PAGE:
“The phrase ‘intentionally target’ creates a large loophole; people in the U.S. and U.S. persons overseas could easily get caught in the dragnet,” stated Sarah St.Vincent, an investigator with Human Rights Watch and a letter signatory, who spoke with The Intercept. “We reject this should be reassuring to anyone as procedures are not laws, but rather safeguards. I don’t see any mechanism in here to ensure that those are strictly applied and inspected.”
The public should, then, demand these agreements have the oversight of both their representatives and independent bodies to ensure their constitutional protections have legitimacy. “The CLOUD Act,” the journalists write, “also leaves open the possibility that a foreign police agency could obtain, without a warrant, incriminating communications from a U.S. citizen, which could then be shared with U.S. law enforcement. Data obtained in this way could not be used as evidence in a U.S. court, because its collection would violate Fourth Amendment protections. But local, state, or federal law enforcement agencies could reacquire the communications after obtaining a warrant — a controversial law enforcement practice known as ‘parallel construction’.”
This process, for those not aware, was described to the public by National Security Agency (NSA) whistleblower William E. Binney who alleges the U.S. government illegally obtains information about criminals through their intelligence agencies, which can involve collecting metadata and tipping the cops off about criminals they would otherwise not know about. This allows police the opportunity to illegally construct their own trail of evidence when their original lead was fruit of the poisonous tree. Such methods aren’t unprecedented given a cited Human Rights Watch report revealed the Drug Enforcement Agency (DEA) used intelligence from the NSA to crackdown on drug users, and instructed to craft a plausible narrative outside of their initial source.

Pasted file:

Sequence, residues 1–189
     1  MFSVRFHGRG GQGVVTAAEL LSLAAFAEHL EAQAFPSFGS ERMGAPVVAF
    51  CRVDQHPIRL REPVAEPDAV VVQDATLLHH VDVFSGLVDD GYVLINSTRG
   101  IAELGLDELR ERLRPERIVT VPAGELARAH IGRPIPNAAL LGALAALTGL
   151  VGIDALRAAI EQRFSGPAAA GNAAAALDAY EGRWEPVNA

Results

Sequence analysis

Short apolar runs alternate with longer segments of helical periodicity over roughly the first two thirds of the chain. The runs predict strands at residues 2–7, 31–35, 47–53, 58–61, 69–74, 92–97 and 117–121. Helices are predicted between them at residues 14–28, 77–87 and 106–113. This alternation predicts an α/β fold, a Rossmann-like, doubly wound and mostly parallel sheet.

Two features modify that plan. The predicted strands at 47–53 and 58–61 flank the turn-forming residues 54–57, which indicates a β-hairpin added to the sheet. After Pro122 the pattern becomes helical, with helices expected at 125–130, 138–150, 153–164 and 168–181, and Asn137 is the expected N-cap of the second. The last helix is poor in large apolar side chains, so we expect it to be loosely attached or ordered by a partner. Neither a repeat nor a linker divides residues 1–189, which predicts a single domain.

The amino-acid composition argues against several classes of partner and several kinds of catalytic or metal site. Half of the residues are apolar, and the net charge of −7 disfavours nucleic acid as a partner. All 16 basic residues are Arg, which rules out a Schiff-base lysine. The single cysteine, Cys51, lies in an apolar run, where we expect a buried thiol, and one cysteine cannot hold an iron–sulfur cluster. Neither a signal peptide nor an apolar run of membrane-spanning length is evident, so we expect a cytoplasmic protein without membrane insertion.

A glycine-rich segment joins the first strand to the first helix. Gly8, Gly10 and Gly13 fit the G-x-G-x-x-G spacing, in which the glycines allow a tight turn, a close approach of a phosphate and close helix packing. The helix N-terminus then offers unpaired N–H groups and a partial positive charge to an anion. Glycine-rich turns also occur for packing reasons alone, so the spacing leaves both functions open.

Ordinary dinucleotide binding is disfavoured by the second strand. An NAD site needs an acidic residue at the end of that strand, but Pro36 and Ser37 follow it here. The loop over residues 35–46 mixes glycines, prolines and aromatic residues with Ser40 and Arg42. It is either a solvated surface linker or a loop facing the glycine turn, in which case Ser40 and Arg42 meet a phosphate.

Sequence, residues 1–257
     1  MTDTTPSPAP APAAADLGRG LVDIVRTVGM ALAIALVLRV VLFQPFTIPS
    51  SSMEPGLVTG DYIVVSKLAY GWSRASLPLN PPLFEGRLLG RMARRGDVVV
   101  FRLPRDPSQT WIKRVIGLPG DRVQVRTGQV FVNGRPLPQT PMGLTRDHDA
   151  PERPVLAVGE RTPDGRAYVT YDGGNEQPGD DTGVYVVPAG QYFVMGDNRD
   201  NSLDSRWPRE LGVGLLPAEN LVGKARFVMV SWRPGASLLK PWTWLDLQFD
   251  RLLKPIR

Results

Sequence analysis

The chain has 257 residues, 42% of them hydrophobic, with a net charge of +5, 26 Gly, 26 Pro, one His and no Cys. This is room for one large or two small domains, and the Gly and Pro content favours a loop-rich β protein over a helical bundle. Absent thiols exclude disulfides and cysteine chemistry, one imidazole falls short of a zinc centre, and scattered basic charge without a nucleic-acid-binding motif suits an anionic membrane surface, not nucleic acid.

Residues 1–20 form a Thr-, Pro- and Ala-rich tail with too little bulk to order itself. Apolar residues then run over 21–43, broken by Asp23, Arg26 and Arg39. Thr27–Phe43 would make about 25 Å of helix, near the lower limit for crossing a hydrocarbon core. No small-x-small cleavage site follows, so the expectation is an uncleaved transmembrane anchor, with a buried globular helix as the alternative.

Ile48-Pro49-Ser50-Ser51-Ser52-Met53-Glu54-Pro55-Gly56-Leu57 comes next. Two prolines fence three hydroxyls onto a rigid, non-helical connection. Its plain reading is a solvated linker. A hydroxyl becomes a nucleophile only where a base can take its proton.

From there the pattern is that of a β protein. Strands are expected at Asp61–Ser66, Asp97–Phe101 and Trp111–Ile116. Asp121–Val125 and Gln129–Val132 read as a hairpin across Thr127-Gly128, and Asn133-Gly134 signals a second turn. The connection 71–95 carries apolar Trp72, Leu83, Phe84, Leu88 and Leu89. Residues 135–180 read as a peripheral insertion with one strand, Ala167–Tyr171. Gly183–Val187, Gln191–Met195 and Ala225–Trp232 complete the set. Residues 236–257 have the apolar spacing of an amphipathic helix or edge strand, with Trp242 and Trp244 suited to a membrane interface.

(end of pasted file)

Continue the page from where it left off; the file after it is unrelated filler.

“The CLOUD Act would specifically allow the U.K. authorities to pass data belonging to U.S. persons back to the U.S. authorities if it ‘relates to significant harm, or the threat thereof, to the United States or United States persons’ — quite a significant loophole,” St.Vincent continued to explain. “The U.S. authorities can’t deliberately set up this end run around the Fourth Amendment themselves, but they’re free to sit back and receive whatever the U.K. sees fit to share.”
Big tech also appears ready to play ball with the governments. The journalists cite a joint-letter from Google, Apple, Facebook, Microsoft, and Yahoo detailing their support for the legislation using rhetoric of how it “reflects a growing consensus in favour of protecting Internet users,” and “would be notable progress to protect consumers’ rights and would reduce conflicts of law”, when it reality it allows these companies to sweeten their intensified relationship with the government institutions.
“If the government’s criminal investigations secretly relied on spying,” said Patrick Toomey, an attorney working for the ACLU’s National Security Project, “that would be a serious concern. Individuals facing criminal prosecution have a right to know how the government came by its evidence, so that they can challenge whether the government’s methods were lawful. That is a basic principle of due process. The government should not be hiding the true sources for its evidence in court by inventing a different trail.”